• Fix scheme classes – Schemes of Arrangement are currently the only option to deal with multi-class restructuring, but the composition of those classes is problematic. In Australia, classes are constituted by grouping creditors based on how the scheme deals with their claim, rather than by grouping creditors with common rights.  Changes so that classes are constituted by creditor rights would stop scheme promoters contriving outcomes by bundling together creditors with different rights.
  • Debt for Equity – Debt for equity can be a very effective restructuring tool, but there are constraints which make it difficult for banks to enter into such arrangements. The restrictions that quite properly limit the ability of Authorised Deposit-taking Institutions to invest in non-banking ventures apply equally to debt for equity restructures. This means that ADIs must consult with APRA before committing to any proposal to hold more than 20 per cent of equity interest in an entity.  If ADIs had the capacity to more easily take equity, and hold it off balance sheet, then a rarely used restructuring tool might be more widely deployed.
  • Rescue Finance – In Australia rescue finance is typically provided by existing lenders either through informal workouts, or by providing finance to the receivers they appoint. Administrators are free to incur credit but they cannot grant a priority security over circulating assets (such as book debts and inventory) without the consent of existing security holders.  If there is a change to allow multi-class restructuring on a majority, then there should be a similar change to the rules allowing an administrator to pledge security to obtain rescue finance with the consent of a majority of existing security holders.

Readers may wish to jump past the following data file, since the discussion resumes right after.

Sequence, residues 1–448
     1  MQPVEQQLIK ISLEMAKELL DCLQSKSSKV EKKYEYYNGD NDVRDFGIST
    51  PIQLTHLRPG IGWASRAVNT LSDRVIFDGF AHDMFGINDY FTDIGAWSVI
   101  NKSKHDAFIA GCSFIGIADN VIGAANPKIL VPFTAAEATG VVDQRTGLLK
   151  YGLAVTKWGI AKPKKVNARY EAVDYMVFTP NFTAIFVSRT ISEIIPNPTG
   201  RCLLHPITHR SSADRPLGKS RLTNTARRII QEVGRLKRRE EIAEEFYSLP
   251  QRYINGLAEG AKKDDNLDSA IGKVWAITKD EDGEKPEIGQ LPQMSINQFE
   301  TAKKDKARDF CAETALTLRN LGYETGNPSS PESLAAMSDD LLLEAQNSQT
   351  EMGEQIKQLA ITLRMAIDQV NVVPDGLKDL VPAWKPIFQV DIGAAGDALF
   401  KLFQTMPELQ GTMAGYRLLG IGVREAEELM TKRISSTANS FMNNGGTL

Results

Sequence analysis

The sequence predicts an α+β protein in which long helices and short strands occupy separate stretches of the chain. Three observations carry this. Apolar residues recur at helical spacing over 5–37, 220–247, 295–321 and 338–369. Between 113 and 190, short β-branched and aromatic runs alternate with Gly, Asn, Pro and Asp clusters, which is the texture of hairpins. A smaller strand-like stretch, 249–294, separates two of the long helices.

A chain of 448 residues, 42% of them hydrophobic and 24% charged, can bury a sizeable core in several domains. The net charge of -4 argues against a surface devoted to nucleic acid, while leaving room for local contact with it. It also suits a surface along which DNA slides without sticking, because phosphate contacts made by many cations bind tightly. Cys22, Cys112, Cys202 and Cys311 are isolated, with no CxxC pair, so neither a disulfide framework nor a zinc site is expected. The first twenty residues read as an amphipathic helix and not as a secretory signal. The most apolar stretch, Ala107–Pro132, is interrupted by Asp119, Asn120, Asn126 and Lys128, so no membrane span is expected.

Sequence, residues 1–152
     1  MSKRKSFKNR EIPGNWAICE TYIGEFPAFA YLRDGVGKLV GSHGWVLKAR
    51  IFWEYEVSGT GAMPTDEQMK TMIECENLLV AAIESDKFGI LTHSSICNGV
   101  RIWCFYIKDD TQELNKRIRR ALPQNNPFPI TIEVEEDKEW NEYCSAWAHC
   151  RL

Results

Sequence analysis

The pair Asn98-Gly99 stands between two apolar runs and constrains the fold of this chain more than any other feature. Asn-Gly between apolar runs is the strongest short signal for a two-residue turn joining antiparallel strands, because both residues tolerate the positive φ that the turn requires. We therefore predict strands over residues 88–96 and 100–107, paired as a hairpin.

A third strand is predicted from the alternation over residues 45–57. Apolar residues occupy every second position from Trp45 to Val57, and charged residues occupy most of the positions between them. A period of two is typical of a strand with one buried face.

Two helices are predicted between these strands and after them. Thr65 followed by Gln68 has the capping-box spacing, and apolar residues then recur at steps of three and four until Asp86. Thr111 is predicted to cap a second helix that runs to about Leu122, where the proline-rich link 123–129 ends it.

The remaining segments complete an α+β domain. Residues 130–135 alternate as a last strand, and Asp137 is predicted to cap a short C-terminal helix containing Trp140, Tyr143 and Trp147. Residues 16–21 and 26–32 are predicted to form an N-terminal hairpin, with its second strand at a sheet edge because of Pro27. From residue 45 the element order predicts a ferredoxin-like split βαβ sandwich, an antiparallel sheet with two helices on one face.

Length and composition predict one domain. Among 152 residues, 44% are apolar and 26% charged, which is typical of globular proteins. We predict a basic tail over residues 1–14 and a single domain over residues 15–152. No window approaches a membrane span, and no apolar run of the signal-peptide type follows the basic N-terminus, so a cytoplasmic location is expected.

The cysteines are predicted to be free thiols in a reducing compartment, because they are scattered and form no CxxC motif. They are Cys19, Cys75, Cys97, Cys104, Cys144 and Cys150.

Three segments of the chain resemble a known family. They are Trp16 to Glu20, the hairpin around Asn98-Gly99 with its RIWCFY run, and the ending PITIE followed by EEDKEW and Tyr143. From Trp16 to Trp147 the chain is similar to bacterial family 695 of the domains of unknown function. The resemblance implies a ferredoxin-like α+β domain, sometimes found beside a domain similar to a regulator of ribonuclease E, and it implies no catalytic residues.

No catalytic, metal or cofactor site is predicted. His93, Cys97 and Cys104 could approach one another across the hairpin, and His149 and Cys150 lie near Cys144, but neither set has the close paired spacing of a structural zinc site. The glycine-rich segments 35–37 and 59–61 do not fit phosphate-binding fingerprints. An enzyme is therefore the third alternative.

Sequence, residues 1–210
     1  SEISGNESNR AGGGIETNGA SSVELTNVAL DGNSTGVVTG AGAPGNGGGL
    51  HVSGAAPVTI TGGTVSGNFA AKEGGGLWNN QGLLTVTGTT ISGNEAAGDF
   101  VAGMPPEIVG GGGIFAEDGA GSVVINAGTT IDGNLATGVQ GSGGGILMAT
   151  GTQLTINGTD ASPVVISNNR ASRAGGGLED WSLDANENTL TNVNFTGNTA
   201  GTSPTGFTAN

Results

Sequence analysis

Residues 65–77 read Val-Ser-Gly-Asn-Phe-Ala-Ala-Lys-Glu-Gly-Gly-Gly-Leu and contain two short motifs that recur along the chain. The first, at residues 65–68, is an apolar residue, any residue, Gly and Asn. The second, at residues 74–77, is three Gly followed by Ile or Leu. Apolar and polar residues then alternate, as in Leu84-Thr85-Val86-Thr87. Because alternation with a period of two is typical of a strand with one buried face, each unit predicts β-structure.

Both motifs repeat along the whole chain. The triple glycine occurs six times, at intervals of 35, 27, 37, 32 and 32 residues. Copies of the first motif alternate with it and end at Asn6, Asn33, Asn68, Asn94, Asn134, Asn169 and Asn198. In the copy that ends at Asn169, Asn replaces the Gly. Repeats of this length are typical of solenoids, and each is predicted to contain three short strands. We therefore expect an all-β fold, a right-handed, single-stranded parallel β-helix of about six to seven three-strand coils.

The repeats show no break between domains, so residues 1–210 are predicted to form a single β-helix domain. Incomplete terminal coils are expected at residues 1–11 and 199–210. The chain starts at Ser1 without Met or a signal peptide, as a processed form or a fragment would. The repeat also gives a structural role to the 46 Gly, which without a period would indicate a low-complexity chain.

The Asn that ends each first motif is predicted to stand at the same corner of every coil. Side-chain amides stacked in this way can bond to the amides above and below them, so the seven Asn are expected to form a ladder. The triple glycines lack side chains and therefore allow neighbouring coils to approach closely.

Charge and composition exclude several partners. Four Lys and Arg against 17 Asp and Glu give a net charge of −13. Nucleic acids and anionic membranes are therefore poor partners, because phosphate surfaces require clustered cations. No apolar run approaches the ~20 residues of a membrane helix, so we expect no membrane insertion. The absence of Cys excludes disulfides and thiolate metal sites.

Conclusion

It is hard to argue against a low-cost restructuring tool: what has been delivered is welcome but it won’t suit all small businesses, and it leaves small unincorporated businesses behind altogether.  There is a great deal more that could and should be done, but it is difficult to be confident that the Government even understands the opportunities before it, and quite worrying that they may regard restructuring and turnaround practitioners as part of the problem, rather than as professionals who can help them achieve meaningful reform.